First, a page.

Another experiment of particular interest and importance to solar physics resulted from the launch of a rocket-borne objective grating spectrograph into the path of totality of a solar eclipse from Wallops Island, Virginia, on 7 March 1970. This lucky "rocket group" included Ralph Nicholls from York University, Canada; Reg Garton and Bob Speer from Imperial College, London; Bob Wilson, then from Culham in the UK; and, of course, Leo Goldberg and colleagues from HCO, a group made up of mentors, advisors, teachers, and friends of Ed's. The eclipse spectrogram revealed strong emission from neutral hydrogen (Lyman-alpha) in the solar corona. The discovery of the Lyman-alpha corona inspired the project for a Lyman-alpha coronagraph. At a Retirement Symposium dedicated to Ralph Nicholls in 1992, Ed recalled that at a coffee break about twenty years earlier, during the Skylab program at Houston, he, Bob Noyes, and Bob MacQueen outlined the need to develop a rocket-borne coronagraph to observe the hydrogen Lyman-alpha corona. Later, after returning to the CfA, Ed, Bob Noyes, and Bill Parkinson planned a rocket-borne spectrograph to image the extended corona, expecting to use a circular occulter. John Kohl joined the fledgling coronagraph project, and he realized that a linear external occulter would be better and also would match a spectrometer slit. This project became the origin of the Lyman-Alpha Coronagraph series of rocket and Spacelab experiments under John Kohl's leadership, culminating in the still-operating Ultraviolet Coronagraph Spectrometer [UVCS] experiment on the SOHO spacecraft.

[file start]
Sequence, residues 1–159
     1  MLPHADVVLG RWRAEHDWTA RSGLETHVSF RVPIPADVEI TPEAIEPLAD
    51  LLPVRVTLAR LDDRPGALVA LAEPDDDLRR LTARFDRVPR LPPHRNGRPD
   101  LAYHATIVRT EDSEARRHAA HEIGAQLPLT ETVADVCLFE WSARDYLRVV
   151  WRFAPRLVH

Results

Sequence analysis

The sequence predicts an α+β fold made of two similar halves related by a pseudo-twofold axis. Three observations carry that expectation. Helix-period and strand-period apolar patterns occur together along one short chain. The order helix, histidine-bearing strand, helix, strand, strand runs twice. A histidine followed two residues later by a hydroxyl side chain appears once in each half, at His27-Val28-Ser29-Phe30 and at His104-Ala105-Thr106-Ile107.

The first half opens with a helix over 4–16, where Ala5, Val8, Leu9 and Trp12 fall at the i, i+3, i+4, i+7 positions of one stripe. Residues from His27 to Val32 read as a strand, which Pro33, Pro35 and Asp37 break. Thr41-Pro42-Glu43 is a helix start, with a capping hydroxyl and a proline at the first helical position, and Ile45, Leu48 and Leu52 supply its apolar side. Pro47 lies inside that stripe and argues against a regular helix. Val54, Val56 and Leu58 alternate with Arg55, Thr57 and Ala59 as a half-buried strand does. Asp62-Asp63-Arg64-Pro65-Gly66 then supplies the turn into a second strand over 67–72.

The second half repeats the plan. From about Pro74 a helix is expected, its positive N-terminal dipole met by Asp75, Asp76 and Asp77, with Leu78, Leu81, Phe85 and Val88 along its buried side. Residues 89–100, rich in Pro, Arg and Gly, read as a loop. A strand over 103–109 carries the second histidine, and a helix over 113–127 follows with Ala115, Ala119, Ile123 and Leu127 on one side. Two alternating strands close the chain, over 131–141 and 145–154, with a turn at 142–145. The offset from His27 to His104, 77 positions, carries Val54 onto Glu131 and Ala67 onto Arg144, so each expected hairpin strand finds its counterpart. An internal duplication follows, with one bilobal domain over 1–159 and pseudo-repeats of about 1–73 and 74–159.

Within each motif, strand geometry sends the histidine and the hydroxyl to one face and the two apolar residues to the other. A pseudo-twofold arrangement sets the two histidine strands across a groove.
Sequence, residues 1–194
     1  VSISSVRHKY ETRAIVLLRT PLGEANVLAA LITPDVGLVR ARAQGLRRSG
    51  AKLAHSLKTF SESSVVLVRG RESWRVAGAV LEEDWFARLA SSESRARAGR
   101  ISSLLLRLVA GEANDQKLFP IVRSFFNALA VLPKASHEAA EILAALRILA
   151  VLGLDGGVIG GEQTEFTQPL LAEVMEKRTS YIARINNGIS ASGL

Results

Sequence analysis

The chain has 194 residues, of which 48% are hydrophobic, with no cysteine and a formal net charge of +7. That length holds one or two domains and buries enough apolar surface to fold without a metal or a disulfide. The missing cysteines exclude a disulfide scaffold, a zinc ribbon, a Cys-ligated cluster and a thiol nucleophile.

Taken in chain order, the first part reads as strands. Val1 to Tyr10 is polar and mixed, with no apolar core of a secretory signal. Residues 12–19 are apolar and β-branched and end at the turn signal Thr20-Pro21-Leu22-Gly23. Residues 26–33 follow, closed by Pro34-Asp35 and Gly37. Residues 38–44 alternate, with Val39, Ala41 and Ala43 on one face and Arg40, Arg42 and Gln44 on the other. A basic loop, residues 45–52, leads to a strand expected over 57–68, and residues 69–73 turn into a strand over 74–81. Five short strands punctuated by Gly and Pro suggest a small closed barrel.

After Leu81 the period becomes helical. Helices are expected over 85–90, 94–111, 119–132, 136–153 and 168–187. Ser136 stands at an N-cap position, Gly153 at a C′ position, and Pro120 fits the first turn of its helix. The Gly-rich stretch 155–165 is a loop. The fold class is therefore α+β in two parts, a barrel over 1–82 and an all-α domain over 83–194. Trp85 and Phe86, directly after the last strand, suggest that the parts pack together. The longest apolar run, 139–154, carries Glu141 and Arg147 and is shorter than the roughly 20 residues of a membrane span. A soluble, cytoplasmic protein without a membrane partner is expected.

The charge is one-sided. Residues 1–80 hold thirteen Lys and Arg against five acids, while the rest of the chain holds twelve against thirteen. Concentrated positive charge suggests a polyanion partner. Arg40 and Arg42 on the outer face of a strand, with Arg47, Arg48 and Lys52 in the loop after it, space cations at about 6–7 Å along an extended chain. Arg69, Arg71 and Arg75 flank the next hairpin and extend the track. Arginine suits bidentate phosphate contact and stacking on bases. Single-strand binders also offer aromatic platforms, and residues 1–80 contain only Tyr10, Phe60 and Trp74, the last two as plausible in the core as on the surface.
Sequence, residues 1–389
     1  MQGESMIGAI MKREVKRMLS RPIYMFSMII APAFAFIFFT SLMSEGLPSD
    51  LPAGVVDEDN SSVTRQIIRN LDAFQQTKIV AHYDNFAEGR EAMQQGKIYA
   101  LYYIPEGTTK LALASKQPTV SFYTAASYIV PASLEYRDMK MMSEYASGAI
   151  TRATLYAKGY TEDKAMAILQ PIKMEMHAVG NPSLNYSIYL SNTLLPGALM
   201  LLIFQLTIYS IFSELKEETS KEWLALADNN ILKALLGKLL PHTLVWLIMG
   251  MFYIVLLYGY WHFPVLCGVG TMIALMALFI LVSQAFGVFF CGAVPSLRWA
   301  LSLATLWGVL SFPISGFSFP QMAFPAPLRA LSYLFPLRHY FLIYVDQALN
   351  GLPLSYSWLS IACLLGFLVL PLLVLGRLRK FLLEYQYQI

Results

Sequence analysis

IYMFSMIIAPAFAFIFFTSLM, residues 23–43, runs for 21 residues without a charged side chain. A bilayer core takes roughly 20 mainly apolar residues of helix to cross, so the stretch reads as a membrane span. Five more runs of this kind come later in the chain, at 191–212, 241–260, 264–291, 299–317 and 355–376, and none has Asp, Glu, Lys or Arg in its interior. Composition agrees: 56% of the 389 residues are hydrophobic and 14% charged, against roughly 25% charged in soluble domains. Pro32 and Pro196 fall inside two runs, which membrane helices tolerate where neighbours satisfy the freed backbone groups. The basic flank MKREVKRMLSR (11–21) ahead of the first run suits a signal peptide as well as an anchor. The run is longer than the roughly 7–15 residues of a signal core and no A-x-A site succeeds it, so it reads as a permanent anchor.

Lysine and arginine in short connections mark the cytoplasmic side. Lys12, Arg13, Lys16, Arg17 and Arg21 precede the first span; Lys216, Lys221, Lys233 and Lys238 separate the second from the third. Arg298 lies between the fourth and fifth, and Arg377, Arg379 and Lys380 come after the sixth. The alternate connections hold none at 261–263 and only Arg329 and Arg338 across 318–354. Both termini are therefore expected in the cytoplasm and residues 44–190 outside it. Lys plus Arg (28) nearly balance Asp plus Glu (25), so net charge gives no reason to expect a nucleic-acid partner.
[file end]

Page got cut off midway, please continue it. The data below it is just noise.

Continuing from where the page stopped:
In 1978, Ed joined the High Altitude Observatory in Boulder, Colorado, where he was Head of Administration and Support before moving to NASA Headquarters in 1982. There he became Director of the Flight Systems Office in the Office of Life and Microgravity Sciences and Applications, with responsibility for integrated planning and science operations for research using the Spacelab, Spacehab, and Mir missions. He led the activities for the research requirements and planning for the International Space Station and served as the Space Station Senior Scientist, the Executive Secretary of the Space Station Utilization Advisory Subcommittee, and the Executive Secretary of the Space Station Utilization Board at NASA Headquarters He also served as NASA's representative to the international Users Operations Panel, which coordinates the utilization planning for the Station across the international partners. Ed retired from NASA in 1998.
Ed was an outdoors man who enjoyed camping, canoeing, and cross-country skiing with his family. He is survived by his wife Vivian, son Dr. Geoffrey Reeves, daughter Laurie Webster, and three grandchildren. Ed's son Geoff is Group Leader for Space Science and Atmospheric Science at Los Alamos National Laboratory, Los Alamos, New Mexico. A funeral service took place on Friday, 15 August at The Falls Church, Falls Church, Virginia.
Harvard College Observatory and Harvard-Smithsonian Center for Astrophysics